Liverpool, hopefully, will show Luis Suarez the door over the coming weeks – if the club wishes to retain its dignity and credibility in the modern football world.
There is no excuse for biting a player, a regular occurance in Suarez’s career, no matter how intense the battle. Given his track record, and the way the Uruguayan has dragged Liverpool into the gutter once more, it is time for the club to show no mercy.
It’s especially important given the events of the past week. With one of the Hillsborough “voices” dying in the past few days, a club in perpetual mourning does not need such behavior to darken its door.
Liverpool’s handling of Suarez’s first misdemeanor was abysmal. It arguably cost Kenny Dalglish his job, and certainly damaged his reputation. This “head in the sand” approach has chipped away at a club that has all but forgotten how its own fans – themselves no strangers to racism, just ask Torres and Miereles of their experience at the 2012 FA Cup final – earned England a lengthy ban from European competition in the 1980s. Now is the time for Liverpool Football Club to show they will not tolerate another blow.
It’s not just Liverpool’s reputation that’s at stake. The game in England bleats on about “respect” campaigns, “community” programmes and insists on the charade of multi-player handshakes against a backdrop of gladiatorial music. Yet watch any Sunday morning kiddies’ game (as I did just a few hours before Liverpool met Chelsea) and take note of the behavior of some parents, urging their children to “get organized….show some commitment….keep your shape…get stuck in” while berating the referee (and standing behind a ‘respect’ tape that acts as a glorified technical area).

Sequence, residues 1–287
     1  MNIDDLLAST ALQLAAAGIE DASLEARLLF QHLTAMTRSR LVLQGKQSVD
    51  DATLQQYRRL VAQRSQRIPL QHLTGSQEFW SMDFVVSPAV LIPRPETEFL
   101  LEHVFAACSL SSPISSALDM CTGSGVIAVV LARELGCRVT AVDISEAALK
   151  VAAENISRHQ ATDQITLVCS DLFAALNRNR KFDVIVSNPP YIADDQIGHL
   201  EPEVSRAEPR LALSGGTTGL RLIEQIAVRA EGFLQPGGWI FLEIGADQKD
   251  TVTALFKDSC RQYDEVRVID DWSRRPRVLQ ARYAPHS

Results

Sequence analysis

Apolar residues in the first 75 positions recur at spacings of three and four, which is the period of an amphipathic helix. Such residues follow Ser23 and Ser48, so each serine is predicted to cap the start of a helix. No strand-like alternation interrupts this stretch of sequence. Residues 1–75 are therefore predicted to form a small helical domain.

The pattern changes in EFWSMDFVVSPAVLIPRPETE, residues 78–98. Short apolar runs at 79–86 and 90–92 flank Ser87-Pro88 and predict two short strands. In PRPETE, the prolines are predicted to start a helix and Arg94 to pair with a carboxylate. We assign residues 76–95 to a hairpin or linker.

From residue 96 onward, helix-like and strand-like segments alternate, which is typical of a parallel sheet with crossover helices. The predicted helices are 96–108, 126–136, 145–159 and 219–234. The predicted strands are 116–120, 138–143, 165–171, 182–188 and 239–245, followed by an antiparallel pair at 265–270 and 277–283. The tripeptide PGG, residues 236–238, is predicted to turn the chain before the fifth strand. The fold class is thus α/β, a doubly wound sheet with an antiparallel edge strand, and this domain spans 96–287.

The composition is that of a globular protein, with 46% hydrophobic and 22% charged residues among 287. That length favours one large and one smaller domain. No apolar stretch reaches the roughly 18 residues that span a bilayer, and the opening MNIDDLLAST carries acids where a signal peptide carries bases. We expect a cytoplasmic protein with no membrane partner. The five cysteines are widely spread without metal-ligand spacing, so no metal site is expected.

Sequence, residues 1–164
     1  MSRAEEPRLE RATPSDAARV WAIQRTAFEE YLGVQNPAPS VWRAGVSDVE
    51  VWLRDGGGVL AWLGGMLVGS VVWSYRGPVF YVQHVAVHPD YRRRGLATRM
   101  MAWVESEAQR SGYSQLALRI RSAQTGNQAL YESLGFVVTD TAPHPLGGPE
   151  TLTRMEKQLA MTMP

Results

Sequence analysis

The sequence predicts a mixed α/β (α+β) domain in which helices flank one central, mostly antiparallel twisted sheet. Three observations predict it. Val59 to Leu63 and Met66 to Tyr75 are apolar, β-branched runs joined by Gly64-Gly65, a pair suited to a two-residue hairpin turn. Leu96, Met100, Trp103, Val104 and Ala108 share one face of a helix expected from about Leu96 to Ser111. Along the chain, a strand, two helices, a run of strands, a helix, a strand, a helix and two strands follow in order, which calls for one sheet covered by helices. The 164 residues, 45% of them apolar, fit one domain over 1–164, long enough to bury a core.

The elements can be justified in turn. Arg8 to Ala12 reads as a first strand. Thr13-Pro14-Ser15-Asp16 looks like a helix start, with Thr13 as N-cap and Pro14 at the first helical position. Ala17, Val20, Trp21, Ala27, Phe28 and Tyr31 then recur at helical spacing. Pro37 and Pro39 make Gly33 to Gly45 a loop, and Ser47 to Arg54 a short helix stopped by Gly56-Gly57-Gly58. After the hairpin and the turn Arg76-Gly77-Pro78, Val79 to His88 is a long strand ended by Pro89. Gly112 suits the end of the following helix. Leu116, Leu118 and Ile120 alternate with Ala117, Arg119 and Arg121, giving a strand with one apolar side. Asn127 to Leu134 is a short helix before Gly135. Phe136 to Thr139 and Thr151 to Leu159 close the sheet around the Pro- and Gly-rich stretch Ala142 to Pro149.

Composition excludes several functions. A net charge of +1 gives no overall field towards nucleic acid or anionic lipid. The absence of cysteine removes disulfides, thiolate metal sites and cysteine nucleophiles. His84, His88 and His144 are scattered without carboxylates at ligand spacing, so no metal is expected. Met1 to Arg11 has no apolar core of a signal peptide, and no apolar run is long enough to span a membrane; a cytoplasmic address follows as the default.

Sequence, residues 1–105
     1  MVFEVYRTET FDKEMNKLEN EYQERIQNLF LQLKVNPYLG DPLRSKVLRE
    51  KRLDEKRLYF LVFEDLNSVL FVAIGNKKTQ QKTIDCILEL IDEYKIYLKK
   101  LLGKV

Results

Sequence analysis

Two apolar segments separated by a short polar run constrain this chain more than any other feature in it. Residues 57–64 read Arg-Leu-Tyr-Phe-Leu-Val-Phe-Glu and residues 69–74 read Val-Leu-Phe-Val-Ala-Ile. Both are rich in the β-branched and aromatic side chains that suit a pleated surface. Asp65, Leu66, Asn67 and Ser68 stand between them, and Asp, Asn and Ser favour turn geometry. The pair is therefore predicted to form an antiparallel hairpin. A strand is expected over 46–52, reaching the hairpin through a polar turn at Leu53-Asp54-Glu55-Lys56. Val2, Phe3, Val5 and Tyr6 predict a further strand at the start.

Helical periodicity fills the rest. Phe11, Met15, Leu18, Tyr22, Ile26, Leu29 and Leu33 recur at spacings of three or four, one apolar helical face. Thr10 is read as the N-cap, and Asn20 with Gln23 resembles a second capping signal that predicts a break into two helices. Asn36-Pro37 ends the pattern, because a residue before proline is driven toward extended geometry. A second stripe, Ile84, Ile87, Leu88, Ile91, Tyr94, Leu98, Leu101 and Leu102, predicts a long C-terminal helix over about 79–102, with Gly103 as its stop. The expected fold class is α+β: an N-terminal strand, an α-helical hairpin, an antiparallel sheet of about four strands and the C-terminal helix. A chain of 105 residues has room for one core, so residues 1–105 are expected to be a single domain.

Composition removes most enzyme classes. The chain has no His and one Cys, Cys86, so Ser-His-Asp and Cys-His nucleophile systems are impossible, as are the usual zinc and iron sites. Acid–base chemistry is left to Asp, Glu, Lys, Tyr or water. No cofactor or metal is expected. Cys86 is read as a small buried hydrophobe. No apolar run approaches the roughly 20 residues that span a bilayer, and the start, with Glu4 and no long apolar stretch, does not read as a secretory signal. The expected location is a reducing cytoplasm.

How many of those young players will have watched Suarez take a chunk out of Ivanovic’s arm at Anfield? How long till these kids, desperate to ape their elders, start biting the opposition? I’ve seen diminutive players, with the name and number of their favourite star on their back, using elbows to fend off a challenge. Why? Because they’ve seen it on TV. Liverpool – and the FA – need to act with ruthlessness.
Perhaps we should not be too shocked that a Uruguayan player is violent on the pitch. Let’s not forget how their national team played in past World Cups – thigh-high tackles, subtle rabbit punches and systematic brutality have all been the norm.
Suarez is an excellent player and Liverpool will find it impossible to replace him, but that should not cloud any judgement on an individual that continually brings the game down. Out him now.